MONDAY, Jan. 23, 2017 (HealthDay News) -- Millions of Americans with a chronic illness gained health insurance coverage after the Affordable Care Act went into effect in 2010, a new study reports.

Insurance coverage among the chronically ill -- people with heart disease, diabetes, arthritis, asthma, and other long-term health problems -- increased by about 5 percentage points after implementation of the Affordable Care Act (ACA), a review of federal survey data found.

That's a jump of about 4 million people, said study co-author Dr. Elisabeth Poorman.

Repeal of the health care law -- a top priority in Republican-controlled Washington, D.C. -- could cost all of these people their insurance, said Poorman. She is an internist with Cambridge Health Alliance in Cambridge, Mass.

"With just a repeal without a replacement, it's very likely all 4 million would lose coverage," said Poorman.

"For these people, having insurance coverage is not a hypothetical issue," she continued. "If they don't have access to care, they will become sick. They may die sooner. They will have complications that degrade their quality of life."

As one of his first acts following the oath of office, President Donald Trump issued an executive order directing federal officials to minimize the financial burden of the ACA, also known as Obamacare, on Americans.

The order could lead to the weakening of the individual mandate, the portion of the law that requires all Americans to buy health insurance. The mandate, while controversial, is necessary to support other more popular parts of the health care law, such as required coverage of pre-existing conditions.

While Congress passed a measure this month that sets a repeal effort in motion, it hasn't presented a replacement plan for Obamacare.

About half of adults have more than one chronic medical condition. Poorman and her colleagues wanted to see if Obamacare helped these people obtain insurance and gain regular access to medical care.

The researchers reviewed data from the Behavioral Risk Factor Surveillance System, an annual survey conducted by the U.S. Centers for Disease Control and Prevention.

The researchers analyzed the responses of more than 600,000 adults with at least one chronic disease in the year before and the year after the ACA was implemented.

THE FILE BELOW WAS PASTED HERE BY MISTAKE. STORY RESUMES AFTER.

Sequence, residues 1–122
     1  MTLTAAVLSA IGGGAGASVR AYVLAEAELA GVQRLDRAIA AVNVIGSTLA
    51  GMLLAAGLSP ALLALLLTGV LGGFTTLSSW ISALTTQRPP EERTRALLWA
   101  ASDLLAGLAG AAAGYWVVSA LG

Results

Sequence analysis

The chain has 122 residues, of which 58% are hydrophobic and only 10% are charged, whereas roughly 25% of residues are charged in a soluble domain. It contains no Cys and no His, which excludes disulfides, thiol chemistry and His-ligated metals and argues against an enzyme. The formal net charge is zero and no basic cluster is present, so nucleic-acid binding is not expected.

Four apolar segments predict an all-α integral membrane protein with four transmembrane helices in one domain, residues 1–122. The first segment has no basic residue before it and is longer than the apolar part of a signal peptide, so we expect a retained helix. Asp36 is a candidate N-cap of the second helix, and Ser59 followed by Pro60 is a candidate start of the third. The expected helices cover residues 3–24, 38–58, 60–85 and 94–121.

States that expanded Medicaid under Obamacare experienced a larger increase in coverage of the chronically ill, the study authors found. Medicaid is the publicly funded insurance program for poor and disabled Americans.

On average, Medicaid-expansion states increased coverage by almost 6 percentage points, from 82.8 percent with insurance before the ACA to 88.5 percent after the law went into effect, the findings showed.

But even states that didn't expand Medicaid experienced an increase, rising 4.2 percentage points from 77 percent before to nearly 82 percent after the ACA was enacted.

However, nearly one in seven of those with a chronic disease still lacked coverage, including 20 percent of chronically ill black patients and one-third of chronically ill Hispanics, the researchers found.

Dr. Nitin Damle, president of the American College of Physicians, said, "It does look like patients of color probably feel the effects of not having adequate coverage and access more than other folks do."

The Affordable Care Act's reforms also significantly increased the percentage of chronically ill people who could afford a doctor's visit and who had a check-up within the past year, the study found.

But the law did not significantly improve chronically ill people's ability to establish an ongoing relationship with a primary care physician, Poorman said.

"Getting people connected with a primary care doctor is a longer-term, more intensive effort than getting people covered," she said.

Obamacare also requires insurers to cover people even if they have pre-existing conditions. If that provision is done away with, the chronically ill may be unable to gain coverage if they lose their current plan, Poorman said.

"If you have coverage under your employer and you lose your job, when you re-apply for new insurance you will not be able to qualify for coverage if you have a pre-existing condition," Poorman said. "The people who need care the most are probably going to be the least likely to get it."

Damle, an internist in Wakefield, R.I., added that the health care law also prohibits lifetime caps on health insurance coverage, another provision that means a lot to people with chronic illness.

"People with a serious illness can use up their cap within a year or less than a year, which then drives them into bankruptcy as their medical expenses mount," he said.

The new study was published online Jan. 23 in the Annals of Internal Medicine.

More information

For more on the Affordable Care Act, visit the U.S. Department of Health and Human Services.